City to launch 'pothole blitz' - Cincinnati News, FOX19-WXIX TV

City to launch 'pothole blitz'

CINCINNATI, OH (FOX19) - The city of Cincinnati is beginning a pothole blitz this week. City Councilwoman Amy Murray says their goal is to fill 10,000 potholes in just three weeks.

So far Murray says only 1,000 have been called in to the city by residents. They say they need drivers' help to reach their goal.

"It's what people in Cincinnati are calling me about right now," Murray said. "The phone calls we're getting saying ‘This is a problem, it's damaging my car, it's dangerous for pedestrians,' we need to get it taken care of."

From now until July, city workers usually fill more than 20,000 potholes, which means they could end up knocking out nearly half of the potholes before April.

"Instead of the crews working on it a few at a time through the weeks, we're putting it all together in a three week period," Murray explained.

"I've been fighting potholes here in Cincinnati for four years," said Director of Public Services Andrew Glenn. Glenn says his crews have quite the job ahead of them.

"Approximately 20 crews will be working on this project with no overtime," Glenn said. Each of the 10,000 potholes will have to go through the same process to make sure they will last the five to ten years Glenn says they should.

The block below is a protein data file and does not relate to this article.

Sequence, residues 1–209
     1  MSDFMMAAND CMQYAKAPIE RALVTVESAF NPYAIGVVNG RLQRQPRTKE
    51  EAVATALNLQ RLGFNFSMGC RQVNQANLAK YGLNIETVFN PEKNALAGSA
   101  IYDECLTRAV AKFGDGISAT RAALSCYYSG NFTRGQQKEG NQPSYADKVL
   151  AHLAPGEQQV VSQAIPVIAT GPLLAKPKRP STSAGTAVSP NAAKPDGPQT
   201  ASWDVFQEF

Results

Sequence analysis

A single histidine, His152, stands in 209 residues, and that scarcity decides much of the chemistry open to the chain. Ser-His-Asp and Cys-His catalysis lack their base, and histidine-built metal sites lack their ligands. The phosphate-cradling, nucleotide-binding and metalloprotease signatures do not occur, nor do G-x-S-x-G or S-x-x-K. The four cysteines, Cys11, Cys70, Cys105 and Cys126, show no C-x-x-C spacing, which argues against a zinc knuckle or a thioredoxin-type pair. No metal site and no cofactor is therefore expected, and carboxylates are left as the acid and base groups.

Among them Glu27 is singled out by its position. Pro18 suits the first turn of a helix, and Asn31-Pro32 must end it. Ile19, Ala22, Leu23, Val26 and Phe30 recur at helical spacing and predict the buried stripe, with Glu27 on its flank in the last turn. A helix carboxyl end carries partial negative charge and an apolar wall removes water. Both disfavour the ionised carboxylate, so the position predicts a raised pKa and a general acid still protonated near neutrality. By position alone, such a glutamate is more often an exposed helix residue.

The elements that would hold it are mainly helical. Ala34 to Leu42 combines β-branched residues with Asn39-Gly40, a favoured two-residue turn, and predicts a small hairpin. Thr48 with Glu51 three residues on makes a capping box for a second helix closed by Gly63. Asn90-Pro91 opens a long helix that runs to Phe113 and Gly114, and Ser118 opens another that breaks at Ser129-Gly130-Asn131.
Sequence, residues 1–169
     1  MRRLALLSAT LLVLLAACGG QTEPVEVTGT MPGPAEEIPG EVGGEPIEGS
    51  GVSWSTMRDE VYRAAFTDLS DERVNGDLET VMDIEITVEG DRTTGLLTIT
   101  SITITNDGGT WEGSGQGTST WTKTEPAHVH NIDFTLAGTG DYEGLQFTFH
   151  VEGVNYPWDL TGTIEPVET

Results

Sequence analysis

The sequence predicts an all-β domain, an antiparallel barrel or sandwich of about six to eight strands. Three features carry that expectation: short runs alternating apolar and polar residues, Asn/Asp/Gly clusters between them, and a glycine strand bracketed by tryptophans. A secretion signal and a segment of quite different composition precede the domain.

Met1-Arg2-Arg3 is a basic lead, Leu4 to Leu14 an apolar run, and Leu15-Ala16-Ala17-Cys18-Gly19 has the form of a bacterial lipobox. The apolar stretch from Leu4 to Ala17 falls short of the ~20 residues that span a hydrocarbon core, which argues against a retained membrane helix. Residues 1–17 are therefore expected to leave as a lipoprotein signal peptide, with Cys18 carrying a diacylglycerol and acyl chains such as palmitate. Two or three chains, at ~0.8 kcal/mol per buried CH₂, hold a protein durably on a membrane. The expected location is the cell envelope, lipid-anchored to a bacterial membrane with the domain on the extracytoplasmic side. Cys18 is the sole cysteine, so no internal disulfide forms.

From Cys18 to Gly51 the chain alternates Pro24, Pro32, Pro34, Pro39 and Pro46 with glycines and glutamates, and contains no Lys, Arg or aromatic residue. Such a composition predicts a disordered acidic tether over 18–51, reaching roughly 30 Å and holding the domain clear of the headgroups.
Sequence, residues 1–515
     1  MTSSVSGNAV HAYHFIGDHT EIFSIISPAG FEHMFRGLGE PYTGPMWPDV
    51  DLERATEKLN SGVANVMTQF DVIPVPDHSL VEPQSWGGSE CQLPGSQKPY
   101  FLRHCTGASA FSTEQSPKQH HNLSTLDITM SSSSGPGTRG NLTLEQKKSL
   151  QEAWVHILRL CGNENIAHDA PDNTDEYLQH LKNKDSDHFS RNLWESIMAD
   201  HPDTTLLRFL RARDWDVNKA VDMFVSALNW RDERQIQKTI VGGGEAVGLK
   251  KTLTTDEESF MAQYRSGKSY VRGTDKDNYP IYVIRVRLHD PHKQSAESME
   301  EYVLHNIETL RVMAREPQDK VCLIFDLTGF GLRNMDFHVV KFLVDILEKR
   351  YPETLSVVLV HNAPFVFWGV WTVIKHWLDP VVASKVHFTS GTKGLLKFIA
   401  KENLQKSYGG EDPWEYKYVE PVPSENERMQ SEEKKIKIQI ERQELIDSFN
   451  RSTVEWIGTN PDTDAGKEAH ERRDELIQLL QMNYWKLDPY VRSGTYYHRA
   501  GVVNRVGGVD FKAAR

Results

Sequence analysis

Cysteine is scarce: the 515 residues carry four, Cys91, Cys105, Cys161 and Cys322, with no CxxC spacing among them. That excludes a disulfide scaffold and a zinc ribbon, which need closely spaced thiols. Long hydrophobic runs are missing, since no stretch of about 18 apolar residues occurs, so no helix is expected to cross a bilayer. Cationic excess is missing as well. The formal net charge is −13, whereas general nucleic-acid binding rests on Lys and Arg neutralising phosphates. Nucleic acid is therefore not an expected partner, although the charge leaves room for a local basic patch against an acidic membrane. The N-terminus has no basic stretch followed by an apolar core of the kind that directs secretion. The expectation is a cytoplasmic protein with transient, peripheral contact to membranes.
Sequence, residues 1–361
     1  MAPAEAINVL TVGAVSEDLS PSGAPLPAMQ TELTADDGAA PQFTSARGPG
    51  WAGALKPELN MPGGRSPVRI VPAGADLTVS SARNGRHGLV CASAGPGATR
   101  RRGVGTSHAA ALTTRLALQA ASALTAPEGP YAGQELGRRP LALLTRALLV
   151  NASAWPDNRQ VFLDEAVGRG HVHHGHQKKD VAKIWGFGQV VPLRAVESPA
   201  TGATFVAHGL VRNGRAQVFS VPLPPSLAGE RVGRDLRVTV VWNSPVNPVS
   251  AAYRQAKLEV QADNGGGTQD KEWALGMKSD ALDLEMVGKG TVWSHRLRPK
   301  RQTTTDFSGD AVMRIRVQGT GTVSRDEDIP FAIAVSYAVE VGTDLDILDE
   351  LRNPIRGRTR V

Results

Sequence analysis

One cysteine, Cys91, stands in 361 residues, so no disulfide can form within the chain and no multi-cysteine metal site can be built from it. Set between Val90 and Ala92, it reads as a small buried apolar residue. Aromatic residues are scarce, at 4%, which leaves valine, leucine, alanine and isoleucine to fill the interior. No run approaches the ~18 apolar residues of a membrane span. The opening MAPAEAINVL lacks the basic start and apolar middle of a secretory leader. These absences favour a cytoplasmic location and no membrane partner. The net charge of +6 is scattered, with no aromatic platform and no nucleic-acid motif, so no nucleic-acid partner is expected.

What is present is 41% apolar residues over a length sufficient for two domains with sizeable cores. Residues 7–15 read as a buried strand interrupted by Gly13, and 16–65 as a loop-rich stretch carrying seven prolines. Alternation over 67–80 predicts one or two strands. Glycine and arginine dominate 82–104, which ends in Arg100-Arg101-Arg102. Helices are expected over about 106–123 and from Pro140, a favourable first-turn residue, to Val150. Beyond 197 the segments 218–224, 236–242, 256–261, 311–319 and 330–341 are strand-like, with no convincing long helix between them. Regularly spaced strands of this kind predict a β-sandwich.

"The first level is we put down a coat of sealant to make it stick. Then we come back with the hot mix," Glenn explained. "Then we put the sealant around the pothole to prevent water from seeping inside. The next process is real critical; you see the people putting the sand down."

Glenn says the sand is what keeps the tar from sticking on the tires, and keeps people potentially tracking it into their homes, which can be a liability for the city. "It saves tax dollars with a couple of ounces of sand," Glenn said.

"What we need is everybody in Cincinnati to become a pothole spotter," Murray said. Murray says the idea for the blitz came about as they looked to other cities like Columbus to see how they dealt with their own pothole problems.

"This is just a way this gets done effectively and efficiently, but in a really timely manner so it's best for the citizens of Cincinnati," Murray said.

To let the city know about a pothole that needs to be filled call 513-591-6000 or log onto www.5916000.com.

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